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Lord Jopling: My Lords, my noble friend raises an important matter. However, some local authorities, particularly the county councils in shire counties, already have responsibility for civil defence and for these matters. I deliberately did not make the amendment more specific because I thought that one could leave it to the Government to decide to which local authorities it would be most appropriate to issue an instruction to obtain this sort of equipment. That is why I put "other public bodies" into this part of the amendment as well. One has to leave the decision to the discretion of the Government. The Government do not have to do any of these things. I am not saying that they "shall" do them; I am saying that they "may" do them.

Lord Evans of Temple Guiting: My Lords, I remind the noble Lord that we are at Report stage. He will have an opportunity to answer the questions when he sums up.

Lord Elton: My Lords, I have put my name to the amendment. However, my noble friend has been so thorough and convincing in what he said that there is
 
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little necessity to add to it. In his last intervention—which was theoretically before he sat down—he touched on the point that I wish to make. Although governments hate prescriptive advice in legislation when they are faced with the unknown, this is permissive advice. It is a permissive provision. The amendment states:

for these areas which are extremely sensitive.

Therefore, if the Minister is going to resist the amendment, he will have difficulty in doing so on that ground and, in view of everything else that my noble friend has said, on any other grounds as well.

Lord Walton of Detchant: My Lords, while I fully sympathise with and understand the motivation underlying the amendment, perhaps I may point out to the noble Lords who tabled it a problem in the terminology. The subject of radiology refers normally to a professional discipline practised by doctors who are concerned with the interpretation of x-ray images and other forms of imaging produced in the course of medical practice. Admittedly, the term has been used somewhat loosely, as for instance when the National Radiological Protection Board was established perhaps to consider looking at issues involving radioactive matter. However, paragraph (b) of the amendment, dealing with objects designed,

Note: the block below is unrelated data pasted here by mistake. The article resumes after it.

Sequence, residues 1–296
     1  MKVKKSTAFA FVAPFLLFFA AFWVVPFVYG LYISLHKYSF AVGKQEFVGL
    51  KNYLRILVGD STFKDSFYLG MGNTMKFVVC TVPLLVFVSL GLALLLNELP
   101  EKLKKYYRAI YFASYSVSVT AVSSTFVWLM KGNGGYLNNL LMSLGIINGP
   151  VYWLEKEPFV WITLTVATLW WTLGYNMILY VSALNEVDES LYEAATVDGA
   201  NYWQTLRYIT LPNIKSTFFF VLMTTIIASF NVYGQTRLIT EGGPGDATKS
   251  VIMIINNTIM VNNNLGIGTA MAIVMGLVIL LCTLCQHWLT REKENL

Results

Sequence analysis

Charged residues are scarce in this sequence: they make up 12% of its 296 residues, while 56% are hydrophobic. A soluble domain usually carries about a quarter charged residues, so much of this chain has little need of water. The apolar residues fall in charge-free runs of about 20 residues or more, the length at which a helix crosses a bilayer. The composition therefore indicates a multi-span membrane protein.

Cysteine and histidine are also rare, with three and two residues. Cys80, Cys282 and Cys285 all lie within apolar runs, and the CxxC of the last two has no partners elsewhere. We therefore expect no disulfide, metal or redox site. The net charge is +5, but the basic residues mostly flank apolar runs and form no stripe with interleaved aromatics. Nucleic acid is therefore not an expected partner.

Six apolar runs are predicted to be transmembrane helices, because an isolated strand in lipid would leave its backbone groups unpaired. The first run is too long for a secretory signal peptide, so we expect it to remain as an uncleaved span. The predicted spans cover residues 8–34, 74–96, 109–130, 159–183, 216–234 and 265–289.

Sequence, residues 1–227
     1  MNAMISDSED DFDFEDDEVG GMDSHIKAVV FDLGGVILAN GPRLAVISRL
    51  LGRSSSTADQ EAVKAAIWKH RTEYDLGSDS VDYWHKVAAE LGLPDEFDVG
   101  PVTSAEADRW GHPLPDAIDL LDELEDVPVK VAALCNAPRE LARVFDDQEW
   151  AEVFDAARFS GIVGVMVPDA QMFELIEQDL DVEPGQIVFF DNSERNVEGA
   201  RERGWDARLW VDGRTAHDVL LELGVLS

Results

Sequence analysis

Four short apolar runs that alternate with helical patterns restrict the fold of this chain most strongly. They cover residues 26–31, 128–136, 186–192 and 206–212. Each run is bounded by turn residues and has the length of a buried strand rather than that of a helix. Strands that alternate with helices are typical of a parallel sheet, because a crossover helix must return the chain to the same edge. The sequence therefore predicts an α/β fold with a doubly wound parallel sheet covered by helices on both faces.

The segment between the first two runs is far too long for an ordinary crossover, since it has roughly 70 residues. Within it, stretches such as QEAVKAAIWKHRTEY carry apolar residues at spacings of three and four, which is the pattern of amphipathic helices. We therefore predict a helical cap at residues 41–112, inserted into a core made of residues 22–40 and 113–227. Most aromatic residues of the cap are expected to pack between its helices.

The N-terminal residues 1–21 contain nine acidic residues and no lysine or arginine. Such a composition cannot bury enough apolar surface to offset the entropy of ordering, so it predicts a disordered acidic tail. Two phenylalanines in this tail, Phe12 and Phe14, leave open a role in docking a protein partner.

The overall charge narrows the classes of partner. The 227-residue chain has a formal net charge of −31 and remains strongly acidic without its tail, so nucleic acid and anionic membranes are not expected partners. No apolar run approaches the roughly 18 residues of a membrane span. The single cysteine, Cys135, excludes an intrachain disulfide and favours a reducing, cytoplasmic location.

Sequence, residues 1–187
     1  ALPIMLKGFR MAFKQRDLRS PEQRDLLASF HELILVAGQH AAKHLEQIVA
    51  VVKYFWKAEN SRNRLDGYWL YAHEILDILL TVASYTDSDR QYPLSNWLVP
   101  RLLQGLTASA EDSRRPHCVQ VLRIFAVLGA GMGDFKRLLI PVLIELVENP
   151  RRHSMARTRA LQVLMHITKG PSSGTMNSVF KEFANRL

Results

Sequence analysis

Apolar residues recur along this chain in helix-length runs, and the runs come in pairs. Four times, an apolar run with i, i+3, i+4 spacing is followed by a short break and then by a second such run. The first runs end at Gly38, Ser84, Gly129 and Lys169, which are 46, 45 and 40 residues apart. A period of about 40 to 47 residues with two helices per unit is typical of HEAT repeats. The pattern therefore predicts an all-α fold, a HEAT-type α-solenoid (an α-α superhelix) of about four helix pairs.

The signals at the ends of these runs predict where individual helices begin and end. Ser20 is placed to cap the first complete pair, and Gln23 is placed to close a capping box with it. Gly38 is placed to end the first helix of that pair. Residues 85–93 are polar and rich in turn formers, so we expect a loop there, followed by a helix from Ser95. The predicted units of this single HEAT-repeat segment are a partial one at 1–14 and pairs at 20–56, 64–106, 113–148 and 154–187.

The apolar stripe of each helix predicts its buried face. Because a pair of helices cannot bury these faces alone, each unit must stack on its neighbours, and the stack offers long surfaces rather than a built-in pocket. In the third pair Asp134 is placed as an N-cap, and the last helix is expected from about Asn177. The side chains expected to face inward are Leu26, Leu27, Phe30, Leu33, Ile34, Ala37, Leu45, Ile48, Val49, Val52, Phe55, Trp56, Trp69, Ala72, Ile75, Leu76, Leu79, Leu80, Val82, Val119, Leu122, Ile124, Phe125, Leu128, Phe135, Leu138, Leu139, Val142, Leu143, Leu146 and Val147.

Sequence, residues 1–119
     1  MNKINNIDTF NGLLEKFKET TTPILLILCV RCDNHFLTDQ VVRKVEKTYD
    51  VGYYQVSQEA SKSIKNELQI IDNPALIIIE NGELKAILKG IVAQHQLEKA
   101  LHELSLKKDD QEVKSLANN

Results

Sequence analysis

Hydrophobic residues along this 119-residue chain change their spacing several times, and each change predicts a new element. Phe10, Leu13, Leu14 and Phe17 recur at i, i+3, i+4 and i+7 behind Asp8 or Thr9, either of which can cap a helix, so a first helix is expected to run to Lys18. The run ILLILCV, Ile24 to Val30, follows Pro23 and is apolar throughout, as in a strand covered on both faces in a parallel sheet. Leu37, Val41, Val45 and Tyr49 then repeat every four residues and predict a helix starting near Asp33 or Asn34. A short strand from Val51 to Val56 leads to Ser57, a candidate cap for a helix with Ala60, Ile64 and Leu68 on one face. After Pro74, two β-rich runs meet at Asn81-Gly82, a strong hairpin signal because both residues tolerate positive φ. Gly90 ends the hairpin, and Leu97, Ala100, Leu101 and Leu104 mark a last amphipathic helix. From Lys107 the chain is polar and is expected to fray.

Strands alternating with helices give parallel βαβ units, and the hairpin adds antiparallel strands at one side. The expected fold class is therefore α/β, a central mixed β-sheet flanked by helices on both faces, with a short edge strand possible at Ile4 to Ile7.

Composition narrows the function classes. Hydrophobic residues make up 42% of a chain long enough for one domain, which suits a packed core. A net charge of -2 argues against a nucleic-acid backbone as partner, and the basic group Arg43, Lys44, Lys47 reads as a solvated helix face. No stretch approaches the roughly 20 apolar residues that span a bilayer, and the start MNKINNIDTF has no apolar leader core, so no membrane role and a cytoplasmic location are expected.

could be construed as monitoring someone who might be carrying a chest x-ray, which in fact is radiological material.

If this amendment is pursued, then the wording should certainly be "radioactive matter" which occurs in other parts of this Bill, and not "radiological material" which normally covers other issues that are not relevant to this particular problem.

The only other point that I would add is that there are excellent means of monitoring for radioactive material. Those are available widely and, I wholly agree, should be extensively used in this kind of situation. However, the monitoring for biological organisms and viruses is an exceptionally difficult and very complex matter. It is not easy to see how that could conceivably be carried out under the terms of the amendment.

The Earl of Onslow: My Lords, I would not like to be the Minister coming to this or another place if something had happened and he had to say, "We did not have the power to ask people to install this piece of equipment, to have foreseen it". Surely the expenditure envisaged is not very much in the great scheme of things: we have just spent God knows how many millions on finding that the heptarchy is not going to be reintroduced. Surely this proposal is so sensible that no one who is a libertarian could object to it. No one who is keen to defend the realm could do anything other than encourage it.

Lord Monson: My Lords, this amendment is a great improvement on the amendment that was tabled in
 
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Committee. One must pay tribute to the noble Lord, Lord Jopling, for the enormous research that he has undertaken into this matter. Nevertheless, certain reservations remain. For example, who will pay for this equipment, some of which is presumably pretty costly? Will it be the taxpayer, the council tax payer, the business rate payer or the traveller by air or sea indirectly in higher port and airport charges? How much time will local authorities, port authorities and so on be given to obtain the equipment, which may be in short supply even though it apparently currently exists, as the noble Lord, Lord Jopling, informed us? Will the requirement extend to very small airfields with short landing strips that cater for single or twin-engine aircraft, either privately owned or charter, with very few weekly passenger movements? I think that all those questions need an answer.